Wednesday, May 31, 2017

Max Wilson in Seward and Elsewhere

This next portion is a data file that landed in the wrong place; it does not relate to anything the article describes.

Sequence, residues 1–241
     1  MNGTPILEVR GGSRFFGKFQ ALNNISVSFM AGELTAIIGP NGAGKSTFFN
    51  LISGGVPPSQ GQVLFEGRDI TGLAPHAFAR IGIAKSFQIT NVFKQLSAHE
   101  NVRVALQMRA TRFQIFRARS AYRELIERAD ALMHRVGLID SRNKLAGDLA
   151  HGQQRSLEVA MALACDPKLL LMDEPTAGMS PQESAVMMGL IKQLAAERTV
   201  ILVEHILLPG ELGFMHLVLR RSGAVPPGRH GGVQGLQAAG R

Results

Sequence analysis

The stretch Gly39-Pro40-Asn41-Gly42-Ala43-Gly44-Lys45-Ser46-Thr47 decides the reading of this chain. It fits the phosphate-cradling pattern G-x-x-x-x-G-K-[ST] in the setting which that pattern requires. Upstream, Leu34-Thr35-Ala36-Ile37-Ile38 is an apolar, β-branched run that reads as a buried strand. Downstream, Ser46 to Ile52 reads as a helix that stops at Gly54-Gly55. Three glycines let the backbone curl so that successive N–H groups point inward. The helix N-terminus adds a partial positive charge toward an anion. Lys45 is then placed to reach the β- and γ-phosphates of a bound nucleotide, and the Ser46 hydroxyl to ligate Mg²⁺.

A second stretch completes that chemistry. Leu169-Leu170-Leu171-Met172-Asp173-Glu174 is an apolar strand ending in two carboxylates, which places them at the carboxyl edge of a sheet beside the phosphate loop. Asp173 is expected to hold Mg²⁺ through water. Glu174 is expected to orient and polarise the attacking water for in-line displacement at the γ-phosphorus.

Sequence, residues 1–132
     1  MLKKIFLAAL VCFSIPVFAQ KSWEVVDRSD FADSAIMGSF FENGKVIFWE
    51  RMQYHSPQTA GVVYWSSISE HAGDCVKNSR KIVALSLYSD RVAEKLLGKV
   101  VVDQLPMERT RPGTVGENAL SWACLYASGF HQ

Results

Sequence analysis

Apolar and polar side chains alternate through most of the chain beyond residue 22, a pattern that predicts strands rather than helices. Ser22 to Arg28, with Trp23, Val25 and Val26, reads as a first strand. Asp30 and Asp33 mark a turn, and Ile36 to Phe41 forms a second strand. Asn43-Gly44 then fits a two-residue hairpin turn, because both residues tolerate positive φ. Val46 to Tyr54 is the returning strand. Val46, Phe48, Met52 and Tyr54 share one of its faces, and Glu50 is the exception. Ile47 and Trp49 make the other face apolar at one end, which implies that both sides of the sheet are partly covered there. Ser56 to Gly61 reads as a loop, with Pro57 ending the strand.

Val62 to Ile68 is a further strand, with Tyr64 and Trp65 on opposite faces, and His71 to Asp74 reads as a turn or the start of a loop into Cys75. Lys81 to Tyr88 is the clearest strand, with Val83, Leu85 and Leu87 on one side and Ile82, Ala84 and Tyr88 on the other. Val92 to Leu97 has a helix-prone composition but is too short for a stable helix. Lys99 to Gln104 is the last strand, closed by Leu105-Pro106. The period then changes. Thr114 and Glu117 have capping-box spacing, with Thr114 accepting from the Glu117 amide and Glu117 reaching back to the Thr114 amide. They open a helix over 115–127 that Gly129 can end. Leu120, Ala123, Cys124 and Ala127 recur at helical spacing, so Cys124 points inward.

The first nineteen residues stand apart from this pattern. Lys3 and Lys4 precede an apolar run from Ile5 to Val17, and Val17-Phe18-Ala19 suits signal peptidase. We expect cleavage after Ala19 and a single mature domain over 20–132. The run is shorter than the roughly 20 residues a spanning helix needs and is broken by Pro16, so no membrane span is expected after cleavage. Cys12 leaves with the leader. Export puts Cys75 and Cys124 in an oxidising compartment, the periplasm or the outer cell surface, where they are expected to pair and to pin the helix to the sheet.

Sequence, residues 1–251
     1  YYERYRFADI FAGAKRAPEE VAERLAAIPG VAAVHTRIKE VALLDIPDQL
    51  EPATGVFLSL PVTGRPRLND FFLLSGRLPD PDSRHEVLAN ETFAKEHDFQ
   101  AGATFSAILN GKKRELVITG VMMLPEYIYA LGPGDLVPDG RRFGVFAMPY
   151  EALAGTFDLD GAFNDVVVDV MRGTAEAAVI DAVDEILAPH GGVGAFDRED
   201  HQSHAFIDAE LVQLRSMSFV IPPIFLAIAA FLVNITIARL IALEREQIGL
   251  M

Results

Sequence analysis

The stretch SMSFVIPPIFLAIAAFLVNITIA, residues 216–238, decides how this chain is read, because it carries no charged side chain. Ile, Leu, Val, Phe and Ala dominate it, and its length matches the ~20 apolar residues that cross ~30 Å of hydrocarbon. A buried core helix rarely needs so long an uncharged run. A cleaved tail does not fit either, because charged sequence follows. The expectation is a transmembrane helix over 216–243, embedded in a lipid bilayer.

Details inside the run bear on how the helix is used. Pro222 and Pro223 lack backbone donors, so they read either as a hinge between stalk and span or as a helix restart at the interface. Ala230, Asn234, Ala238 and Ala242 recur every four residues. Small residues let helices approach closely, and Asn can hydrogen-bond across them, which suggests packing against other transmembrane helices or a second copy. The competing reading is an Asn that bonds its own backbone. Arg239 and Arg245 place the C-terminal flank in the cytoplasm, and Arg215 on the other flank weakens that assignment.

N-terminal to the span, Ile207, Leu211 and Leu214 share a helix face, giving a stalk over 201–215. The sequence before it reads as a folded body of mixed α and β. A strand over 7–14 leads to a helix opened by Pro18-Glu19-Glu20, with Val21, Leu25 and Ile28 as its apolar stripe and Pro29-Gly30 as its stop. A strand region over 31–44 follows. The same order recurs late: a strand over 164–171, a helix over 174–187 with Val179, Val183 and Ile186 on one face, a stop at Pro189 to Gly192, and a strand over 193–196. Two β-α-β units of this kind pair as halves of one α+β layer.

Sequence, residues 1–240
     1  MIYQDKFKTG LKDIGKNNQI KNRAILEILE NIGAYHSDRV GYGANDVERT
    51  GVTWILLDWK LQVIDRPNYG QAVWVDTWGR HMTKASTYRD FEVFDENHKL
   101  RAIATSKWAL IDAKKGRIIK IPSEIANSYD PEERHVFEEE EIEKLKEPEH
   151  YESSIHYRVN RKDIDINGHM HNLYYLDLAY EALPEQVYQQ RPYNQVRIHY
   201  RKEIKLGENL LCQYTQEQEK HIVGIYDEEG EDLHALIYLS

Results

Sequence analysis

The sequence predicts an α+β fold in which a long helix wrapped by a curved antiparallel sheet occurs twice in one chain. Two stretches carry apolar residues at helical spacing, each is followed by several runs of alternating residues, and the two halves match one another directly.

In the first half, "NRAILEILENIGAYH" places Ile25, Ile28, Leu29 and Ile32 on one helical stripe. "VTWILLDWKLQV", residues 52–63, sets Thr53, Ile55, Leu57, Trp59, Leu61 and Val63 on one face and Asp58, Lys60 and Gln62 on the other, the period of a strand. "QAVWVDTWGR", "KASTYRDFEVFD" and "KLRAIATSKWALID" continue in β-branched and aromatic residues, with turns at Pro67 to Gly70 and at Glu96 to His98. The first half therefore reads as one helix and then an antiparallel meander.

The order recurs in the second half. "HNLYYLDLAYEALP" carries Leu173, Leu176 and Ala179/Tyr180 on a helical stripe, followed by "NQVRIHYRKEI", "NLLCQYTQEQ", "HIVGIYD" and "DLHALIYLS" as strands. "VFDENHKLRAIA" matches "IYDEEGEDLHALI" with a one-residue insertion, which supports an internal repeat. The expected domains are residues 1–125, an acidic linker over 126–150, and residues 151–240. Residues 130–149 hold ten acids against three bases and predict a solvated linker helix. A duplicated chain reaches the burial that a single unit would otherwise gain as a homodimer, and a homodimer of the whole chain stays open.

Max Wilson rode out from Lincoln this morning  with Chris, his next door neighbor to have coffee with us. Chris drops by occasionally and has brought Max out a few times in the past where we mostly heard of his early days in Seward and WWII stories. Max was born in Hordville, NE in 1922 where his Dad had a grain elevator and feed-mill. They came to Seward where he ran the Seward City Mill for a few years before moving to Goochs Mill in Lincoln. This enabled young Max to attend UN-L where he learned to fly in an Army Air Corps program. With an ME degree he was commissioned into the Army Air Force and became a B-17 pilot. He flew missions in the European theater when he was 21 years old. This picture of him is from a Sept. 1, 2015 story in the Lincoln Journal Star that told of his plane being shot down in a Swiss pasture and of his spending 6-months in an internment camp before escaping and finding his way back to London. We didn't talk much about WWII this morning, but he asked if any of us Seward natives remembered when the Boy Scout parades were discontinued,  since he remembers selling Poppies and walking in the Parade. We went on to questions about his career following the war, and it is fantastic. He went to work for General Motors and worked his way up the corporate ladder and was sent on a world tour by GM to see what possibilities may exist.  His assessment helped lead to General Motors expanding to a world-wide operation, This was at a time when technology was advancing at a rapid pace and he was assigned to head up beginning operations for GM in several near east countries and Africa. The number of World leaders with whom he had a personal relationship is unbelievable. After an outstanding career, he and his wife retired in Southern California and then returned to Lincoln to be near family. His ability to remember details and articulate them would be commendable for one at any age but at his age, it confirms his being one of the greatest of "The Greatest Generation". 

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